- Lauren Klein and Kris Carr in The Last Night of Ballyhoo.
In the past two weeks, three of our local theaters opened up their portals, commencing their new seasons by happily looking back. Each showed off its own specialty like magicians pulling unique tricks out of their capacious hats.
In a pleasing confluence of religion and commerce, The Cleveland Play House's The Last Night of Ballyhoo, a social comedy concerning Jews with Christmas trees (we learn that the Jewish ones are not supposed to have stars on top), opened on the eve of that jolliest of Jewish holidays, Succot, which celebrates the harvest. Playwright Alfred Uhry, who made his reputation by Driving Miss Daisy into every community theater and a lavishly awarded movie, has repeated his own bountiful harvest chronicling the idiosyncrasies of Southern Jews, that strange phenomenon of magnolia and matzo.
With Ballyhoo he takes on the task of skilled medium by summoning the ghost of the comedy of manners, an art form that has gone the way of the snood and iceman. These well-heeled plays revolved around the minutiae concerning class distinctions. Uhry, a marvelous craftsman, has freshened up the brand of boulevard entertainment that theatergoers of a couple of generations ago used to break out their tuxedos and formals to see, before heading to the Stork Club to rumba the night away.
The conventions live again. Two young women are rescued from spinsterhood just in time, both being past twenty. There is the big dance, which is a last chance to find happiness; the slightly obnoxious, overly confident fraternity boy destined to head corporations; and the slightly dangerous, out-of-town catalyst to start things boiling. In contrast, the over-forty generation lives gently blighted lives out of Chekov.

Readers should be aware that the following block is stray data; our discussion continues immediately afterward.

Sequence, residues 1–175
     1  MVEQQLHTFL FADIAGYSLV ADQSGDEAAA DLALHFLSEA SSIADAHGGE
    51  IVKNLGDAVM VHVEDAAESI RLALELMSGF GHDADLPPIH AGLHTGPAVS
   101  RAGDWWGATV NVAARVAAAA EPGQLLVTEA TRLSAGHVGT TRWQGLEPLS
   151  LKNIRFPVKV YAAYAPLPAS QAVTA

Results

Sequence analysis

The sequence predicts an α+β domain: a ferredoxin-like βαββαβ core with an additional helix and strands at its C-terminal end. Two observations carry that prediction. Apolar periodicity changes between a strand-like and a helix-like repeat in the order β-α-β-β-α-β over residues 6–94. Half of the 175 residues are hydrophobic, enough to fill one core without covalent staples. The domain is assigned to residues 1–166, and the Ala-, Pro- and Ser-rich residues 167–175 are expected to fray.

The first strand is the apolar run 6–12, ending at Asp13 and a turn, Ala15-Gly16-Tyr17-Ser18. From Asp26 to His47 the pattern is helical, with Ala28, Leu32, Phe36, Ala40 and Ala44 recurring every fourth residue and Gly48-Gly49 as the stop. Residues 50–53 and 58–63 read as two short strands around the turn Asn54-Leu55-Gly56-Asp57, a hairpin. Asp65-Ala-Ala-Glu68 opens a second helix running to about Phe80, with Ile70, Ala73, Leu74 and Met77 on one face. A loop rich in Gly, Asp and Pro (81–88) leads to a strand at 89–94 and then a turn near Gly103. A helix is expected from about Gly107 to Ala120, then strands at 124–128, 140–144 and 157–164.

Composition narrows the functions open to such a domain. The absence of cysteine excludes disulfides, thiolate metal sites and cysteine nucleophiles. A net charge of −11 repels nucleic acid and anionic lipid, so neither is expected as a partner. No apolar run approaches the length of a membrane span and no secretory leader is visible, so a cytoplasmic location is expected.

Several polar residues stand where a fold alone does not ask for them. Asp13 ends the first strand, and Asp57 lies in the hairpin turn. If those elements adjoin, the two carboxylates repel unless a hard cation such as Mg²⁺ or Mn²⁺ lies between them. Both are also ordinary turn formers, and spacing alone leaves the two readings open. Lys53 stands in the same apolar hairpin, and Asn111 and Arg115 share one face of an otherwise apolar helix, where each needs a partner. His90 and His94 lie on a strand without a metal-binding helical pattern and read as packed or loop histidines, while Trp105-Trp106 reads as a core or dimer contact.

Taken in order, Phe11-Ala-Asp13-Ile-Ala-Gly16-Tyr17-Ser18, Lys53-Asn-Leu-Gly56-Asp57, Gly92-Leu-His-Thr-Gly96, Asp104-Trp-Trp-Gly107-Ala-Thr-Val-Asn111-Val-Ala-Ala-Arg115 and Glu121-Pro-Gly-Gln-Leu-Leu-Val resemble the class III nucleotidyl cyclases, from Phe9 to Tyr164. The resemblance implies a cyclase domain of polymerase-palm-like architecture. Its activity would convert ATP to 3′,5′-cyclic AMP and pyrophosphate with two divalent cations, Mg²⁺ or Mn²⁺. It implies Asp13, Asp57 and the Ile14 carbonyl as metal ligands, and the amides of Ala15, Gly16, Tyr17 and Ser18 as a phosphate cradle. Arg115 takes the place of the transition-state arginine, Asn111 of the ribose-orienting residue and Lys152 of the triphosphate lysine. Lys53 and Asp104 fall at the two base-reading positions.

What distinguishes this play from countless scripts moldering in used bookstores is its superb slant. Instead of the de rigueur, freshly scrubbed Anglo-Saxon pheasant-under-glass, this emotional banquet is stocked with antebellum corned beef and pastrami. The play concentrates on the hierarchy of American Jews, particularly German Southern Jews in their abhorrence of ungentrified Eastern European Jews. Uhry evokes a fascinating subculture of these Southern Jews who ape Christian values and create a parallel universe with society balls and presents under the Christmas tree.
Set in Atlanta in 1939, the action revolves around the premiere of the motion picture Gone With the Wind. We see this icon of Christian popular art (made by a Jewish producer) as the great flame attracting the play's Jewish moths.
If the ending is a cheat, if the eventual matings and reconciliations seem like a compromise lifted from Bessie Mae Harper's Ladies' Home Companion story "Honeymoon for Three," we have been too happily satiated with the work's cunning eye for detail to quibble.
Uhry's script requires a lot of his performers, asking them to walk a tightrope between shtick and pathos. Mara Stephens and Daniel Pearce, who are given the best comic bits, manage to be simultaneously funny, obnoxious, and charismatic as they desperately cling to the archetypes of the Southern debutante and the brash fraternity boy. As the tender lovers, Kris Carr and Paul Cassell light up the stage with gleaming nobility and forthrightness. As the aunts and uncle, Lauren Klein, Darrie Lawrence, and Mike Hartman may not seem genuinely kosher, but the wounded humanity that they project is the real thing. Mark Nelson's direction, Bill Clarke's scene design, and James Scott's costumes all coalesce to make an ideal package.